Picture yourself in your tent in the beautiful Mara Triangle, going to bed for the night after a long day’s work. It’s a cool night, with a nice breeze coming in through the screened windows, and in the distance you can hear calls from various animals, lulling you to sleep.
Sometime in the middle of the night you’re woken up by a light rain on the tarp above you, but you quickly start to drift back to sleep. Except…there’s something biting you. They’re crawling all over you, maybe the sound on your tarp isn’t rain? You fumble for your head lamp to see what’s going on, all the while trying to brush off whatever it is that’s on you, and as the light goes on your stomach drops; there are thousands of Siafu crawling all over you and your tent. You take the only way out you can think of, you run for the door.
Siafu is the Swahili word for ant, however it commonly refers to a specific type of ant known as the Safari Ant or the Driver Ant.
|Safari Ants - Photo by: Eli Strauss|
|Safari Ants Swarming - Photo by: Eli Strauss|
And here's a short clip of the ants in action, taken by Eli Strauss: https://www.youtube.com/watch?v=lPK5lGIdOeg (much cooler in HD)
These ants are found primarily in East Africa, and are fairly easy to distinguish from other ants. They are normally seen traveling in large lines about 20 ants wide, with the smaller ants in the middle and the larger “warriors” on the outside. Although all of these ants have pincers and are quite capable of attacking for food or when they feel threatened, the warriors are significantly larger with much stronger pincers as well as a stinger. In their lines, they’re fairly easy to avoid; such a large number of army ants tends to catch one’s eye from far enough away that you can simply step over the line. If you’re unfortunate enough to come across a line in the dark, or while you have your head in the clouds, however, and if you step in it, there’s not a whole lot you can do but try to shake them off and hope you didn’t have any warriors crawl up your leg. If you’ve seen this happen to somebody, you can really appreciate where the expression “ants in your pants” comes from.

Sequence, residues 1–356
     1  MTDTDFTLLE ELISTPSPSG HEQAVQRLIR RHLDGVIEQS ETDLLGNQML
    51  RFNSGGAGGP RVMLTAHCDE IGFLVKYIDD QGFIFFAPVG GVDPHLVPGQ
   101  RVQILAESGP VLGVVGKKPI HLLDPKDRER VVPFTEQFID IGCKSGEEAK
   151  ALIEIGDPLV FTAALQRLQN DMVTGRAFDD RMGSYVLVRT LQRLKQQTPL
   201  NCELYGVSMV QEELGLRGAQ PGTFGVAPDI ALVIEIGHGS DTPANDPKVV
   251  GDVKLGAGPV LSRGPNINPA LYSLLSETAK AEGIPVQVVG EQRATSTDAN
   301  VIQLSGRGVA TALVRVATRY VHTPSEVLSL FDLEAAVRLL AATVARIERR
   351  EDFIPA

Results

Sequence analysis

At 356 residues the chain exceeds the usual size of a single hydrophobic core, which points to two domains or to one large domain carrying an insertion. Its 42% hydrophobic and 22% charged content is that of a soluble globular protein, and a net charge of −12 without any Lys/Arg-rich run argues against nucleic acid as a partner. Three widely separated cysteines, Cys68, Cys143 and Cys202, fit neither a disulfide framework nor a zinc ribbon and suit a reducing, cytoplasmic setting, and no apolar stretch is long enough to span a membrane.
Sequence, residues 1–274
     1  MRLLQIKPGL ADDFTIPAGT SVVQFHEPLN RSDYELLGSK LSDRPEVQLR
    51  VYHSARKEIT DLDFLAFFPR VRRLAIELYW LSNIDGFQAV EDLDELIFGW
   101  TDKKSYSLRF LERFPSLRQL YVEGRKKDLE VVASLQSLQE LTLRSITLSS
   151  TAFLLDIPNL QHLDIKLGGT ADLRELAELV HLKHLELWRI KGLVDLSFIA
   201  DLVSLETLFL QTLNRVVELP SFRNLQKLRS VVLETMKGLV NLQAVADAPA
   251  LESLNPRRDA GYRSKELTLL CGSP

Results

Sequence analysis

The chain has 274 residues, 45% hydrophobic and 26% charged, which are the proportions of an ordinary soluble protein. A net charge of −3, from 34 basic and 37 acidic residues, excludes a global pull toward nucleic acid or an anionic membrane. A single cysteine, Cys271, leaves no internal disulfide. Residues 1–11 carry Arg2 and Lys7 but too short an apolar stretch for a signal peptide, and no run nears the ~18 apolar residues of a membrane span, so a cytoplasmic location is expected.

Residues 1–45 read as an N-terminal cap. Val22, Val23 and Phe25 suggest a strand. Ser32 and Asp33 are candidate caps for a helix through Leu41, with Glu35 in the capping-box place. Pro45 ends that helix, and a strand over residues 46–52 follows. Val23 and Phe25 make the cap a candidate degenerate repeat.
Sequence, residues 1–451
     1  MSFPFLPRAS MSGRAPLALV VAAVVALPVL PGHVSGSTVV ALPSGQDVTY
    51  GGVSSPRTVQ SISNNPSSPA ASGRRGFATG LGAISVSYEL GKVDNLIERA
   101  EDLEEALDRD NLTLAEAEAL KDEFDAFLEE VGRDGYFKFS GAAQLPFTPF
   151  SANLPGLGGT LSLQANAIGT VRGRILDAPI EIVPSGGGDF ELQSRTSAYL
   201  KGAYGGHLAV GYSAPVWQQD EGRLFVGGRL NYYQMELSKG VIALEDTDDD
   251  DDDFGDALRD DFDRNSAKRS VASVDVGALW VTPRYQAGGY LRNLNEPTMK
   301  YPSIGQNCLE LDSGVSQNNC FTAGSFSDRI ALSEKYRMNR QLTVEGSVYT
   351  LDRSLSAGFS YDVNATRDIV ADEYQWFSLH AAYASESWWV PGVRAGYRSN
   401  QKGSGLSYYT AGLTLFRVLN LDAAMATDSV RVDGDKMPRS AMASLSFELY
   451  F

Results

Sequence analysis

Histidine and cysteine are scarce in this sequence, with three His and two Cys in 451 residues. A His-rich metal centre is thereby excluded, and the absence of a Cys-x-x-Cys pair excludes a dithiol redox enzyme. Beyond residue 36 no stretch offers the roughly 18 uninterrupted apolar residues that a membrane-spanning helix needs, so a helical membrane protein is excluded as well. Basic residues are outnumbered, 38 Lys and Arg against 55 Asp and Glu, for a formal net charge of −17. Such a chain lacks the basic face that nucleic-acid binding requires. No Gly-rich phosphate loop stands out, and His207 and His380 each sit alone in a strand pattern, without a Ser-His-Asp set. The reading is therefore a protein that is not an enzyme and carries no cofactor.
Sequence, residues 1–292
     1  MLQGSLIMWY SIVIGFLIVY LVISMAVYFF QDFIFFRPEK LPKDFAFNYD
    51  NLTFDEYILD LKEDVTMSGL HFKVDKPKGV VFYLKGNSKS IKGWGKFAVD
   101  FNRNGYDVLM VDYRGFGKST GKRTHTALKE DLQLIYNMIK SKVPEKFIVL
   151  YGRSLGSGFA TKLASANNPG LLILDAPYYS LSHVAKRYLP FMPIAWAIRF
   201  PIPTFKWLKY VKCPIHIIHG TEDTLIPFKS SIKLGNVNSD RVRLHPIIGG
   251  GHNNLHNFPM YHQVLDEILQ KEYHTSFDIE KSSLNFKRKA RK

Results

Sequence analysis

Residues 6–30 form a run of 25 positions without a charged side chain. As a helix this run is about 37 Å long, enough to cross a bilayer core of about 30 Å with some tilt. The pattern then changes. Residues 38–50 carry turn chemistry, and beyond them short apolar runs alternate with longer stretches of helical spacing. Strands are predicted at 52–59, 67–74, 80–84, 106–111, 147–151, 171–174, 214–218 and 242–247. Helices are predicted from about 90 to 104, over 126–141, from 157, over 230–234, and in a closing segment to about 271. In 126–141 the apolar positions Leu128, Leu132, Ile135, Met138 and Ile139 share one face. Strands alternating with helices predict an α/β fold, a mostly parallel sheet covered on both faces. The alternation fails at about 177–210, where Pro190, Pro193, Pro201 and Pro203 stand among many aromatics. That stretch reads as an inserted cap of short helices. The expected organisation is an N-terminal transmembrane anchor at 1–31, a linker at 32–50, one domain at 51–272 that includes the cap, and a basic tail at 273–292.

They aren’t always so easy to avoid. When they’ve been scattered by something in their path, or when they find something to eat, they begin to swarm (as they did in my tent on that lovely night). They’ll scatter all over the place so that stepping over them is no longer an option. Luckily, they’re not poisonous, they aren’t lethal and their bites are by no means excruciating. So, looking back on the experience, I can’t help but laugh and feel fortunate. As far as animal invasions in my tent at night go, it could have been a lot worse than ants.